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Cambodian folk sounds meet Russian satire in festival finale

Musicians from Cambodian Living Arts rehearse the tro sau, roneat ek and large gong
Musicians from Cambodian Living Arts (CLA) rehearse the tro sau, roneat ek and large gong for Sunday’s performance. Charlotte Pert

Cambodian folk sounds meet Russian satire in festival finale

Cambodian composer Him Sophy is in the finishing stages of rehearsals with eight young musicians who will this weekend accompany a black-and-white Russian film with Cambodian folk songs.

Sophy, who doesn’t know his exact age but said he is in his early fifties, has compiled excerpts of traditional music to accompany Lev Kuleshov’s 1924 film The Extraordinary Adventures of Mr West in the Land of the Bolsheviks, which will close the Memory International Heritage Film Festival on Sunday.

The composer, who obtained his PhD in Moscow, will conduct pinpeat ensemble musicians from Cambodian Living Arts (CLA), as well as additional clarinet and piano players, at the Chaktomuk Theatre.

“As a composer I like to experiment – how can traditional Cambodian music fit together with a Western film? I think that now, in this period of globalisation, the world will integrate even more,” Sophy said during a rehearsal earlier this week.

The Extraordinary Adventures of Mr West in the Land of the Bolsheviks is a black-and-white satire of American ignorance towards the newly formed Soviet Union.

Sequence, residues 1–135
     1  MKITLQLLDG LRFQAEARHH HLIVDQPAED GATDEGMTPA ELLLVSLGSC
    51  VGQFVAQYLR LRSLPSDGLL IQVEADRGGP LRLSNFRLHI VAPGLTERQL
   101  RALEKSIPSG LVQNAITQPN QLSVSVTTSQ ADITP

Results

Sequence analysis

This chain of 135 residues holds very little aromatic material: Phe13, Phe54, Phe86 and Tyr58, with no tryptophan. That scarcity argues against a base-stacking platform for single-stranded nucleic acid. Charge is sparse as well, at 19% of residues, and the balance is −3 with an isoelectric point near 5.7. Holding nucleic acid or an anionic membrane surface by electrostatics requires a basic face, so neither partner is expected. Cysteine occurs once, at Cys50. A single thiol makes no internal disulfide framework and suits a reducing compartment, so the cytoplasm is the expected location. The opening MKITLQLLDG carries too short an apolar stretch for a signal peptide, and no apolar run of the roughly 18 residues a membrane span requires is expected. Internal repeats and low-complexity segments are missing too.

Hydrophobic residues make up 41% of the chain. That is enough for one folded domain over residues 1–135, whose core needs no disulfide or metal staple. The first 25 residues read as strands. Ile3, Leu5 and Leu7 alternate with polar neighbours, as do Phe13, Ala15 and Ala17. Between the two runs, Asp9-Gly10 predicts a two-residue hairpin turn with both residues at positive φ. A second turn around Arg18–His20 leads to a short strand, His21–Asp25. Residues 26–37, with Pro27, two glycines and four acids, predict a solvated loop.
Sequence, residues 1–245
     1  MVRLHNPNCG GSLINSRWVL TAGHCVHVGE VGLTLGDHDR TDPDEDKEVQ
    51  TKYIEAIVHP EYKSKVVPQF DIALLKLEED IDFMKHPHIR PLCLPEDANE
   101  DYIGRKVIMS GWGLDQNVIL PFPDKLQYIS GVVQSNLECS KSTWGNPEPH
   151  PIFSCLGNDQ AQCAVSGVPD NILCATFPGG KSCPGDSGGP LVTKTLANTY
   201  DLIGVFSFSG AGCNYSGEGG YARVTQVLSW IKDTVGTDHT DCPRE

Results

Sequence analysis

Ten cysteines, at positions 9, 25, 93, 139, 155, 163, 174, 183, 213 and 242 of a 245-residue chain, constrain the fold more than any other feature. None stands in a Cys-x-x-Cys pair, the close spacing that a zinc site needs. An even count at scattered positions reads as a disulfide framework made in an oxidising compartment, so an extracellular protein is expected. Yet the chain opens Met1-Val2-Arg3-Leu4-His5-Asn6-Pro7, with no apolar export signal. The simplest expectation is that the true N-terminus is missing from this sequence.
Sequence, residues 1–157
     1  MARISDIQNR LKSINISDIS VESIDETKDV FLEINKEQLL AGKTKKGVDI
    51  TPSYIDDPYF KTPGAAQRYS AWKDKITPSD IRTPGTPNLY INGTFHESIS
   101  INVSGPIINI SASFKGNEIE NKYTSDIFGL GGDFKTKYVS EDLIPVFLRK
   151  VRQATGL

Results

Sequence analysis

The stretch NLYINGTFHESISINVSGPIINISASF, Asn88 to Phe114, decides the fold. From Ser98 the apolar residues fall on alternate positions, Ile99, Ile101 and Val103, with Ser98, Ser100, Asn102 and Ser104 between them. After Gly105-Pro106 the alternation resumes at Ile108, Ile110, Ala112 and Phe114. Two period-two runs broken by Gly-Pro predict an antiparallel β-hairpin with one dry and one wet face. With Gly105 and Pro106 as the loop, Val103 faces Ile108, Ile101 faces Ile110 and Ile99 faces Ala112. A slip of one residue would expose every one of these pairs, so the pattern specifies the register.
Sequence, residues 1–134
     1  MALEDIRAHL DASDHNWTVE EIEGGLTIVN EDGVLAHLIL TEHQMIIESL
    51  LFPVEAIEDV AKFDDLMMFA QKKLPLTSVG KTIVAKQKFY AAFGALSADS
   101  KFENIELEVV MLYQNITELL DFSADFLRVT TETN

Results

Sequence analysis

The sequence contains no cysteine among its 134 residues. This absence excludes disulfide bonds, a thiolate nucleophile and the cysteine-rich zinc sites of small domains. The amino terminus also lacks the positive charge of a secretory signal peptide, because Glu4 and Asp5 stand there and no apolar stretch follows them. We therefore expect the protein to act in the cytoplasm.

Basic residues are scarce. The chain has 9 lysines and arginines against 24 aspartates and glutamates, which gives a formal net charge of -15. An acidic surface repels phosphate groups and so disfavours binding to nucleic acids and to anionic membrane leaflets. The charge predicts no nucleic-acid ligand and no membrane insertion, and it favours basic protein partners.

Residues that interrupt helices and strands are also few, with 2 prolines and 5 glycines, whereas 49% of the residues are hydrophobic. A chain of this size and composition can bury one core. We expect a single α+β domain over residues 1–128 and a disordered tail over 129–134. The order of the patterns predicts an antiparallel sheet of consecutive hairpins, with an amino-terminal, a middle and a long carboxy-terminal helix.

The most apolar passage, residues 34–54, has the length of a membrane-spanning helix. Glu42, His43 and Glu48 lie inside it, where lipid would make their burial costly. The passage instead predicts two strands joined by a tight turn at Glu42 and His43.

Originally, the film is silent, accompanied by Russian music. Sunday’s performance, which will run through the entirety of the film, will feature a mixture of renditions of traditional folk songs and original improvisations by the musicians.

Pinpeat is the name given to the musical ensemble that performs at ceremonies in the Royal courts and temples of Cambodia. Traditionally it consists of nine or ten instruments, but Sophy has reduced the number.

Sunday’s performance will include the xylophone-like roneat ek and roneat thung, a large gong, the two-stringed tro sau and various drums and woodwind instruments as well as the clarinet and piano.

Sophy, who plays the piano, said that he thought the piano’s chords would help the other instruments, adding: “Piano works very well in combination with other instruments. You can put it with the sound of anything and you feel more beauty.”

He added: “I think for my new work I will use piano with all instruments. This has inspired me to do so – it really is king of all instruments.”

Rong Sereyvann, 27, will be playing the piano in Sunday’s performance. He said that the musicians had to study the film very carefully to know what music was coming up and how to perform it to the best of their abilities.

“It would have been difficult but we needed somebody to lead us, so it’s good that we have Mr Him Sophy,” he said.

Sereyvann, who started learning piano at the Royal University of Fine Arts nine years ago, added: “I’ve never seen this kind of thing before – it’s good that we’re celebrating this kind of film.”

The Extraordinary Adventures of Mr West in the Land of the Bolsheviks will be screened at Chaktomuk Theatre on Sunday at 6pm.

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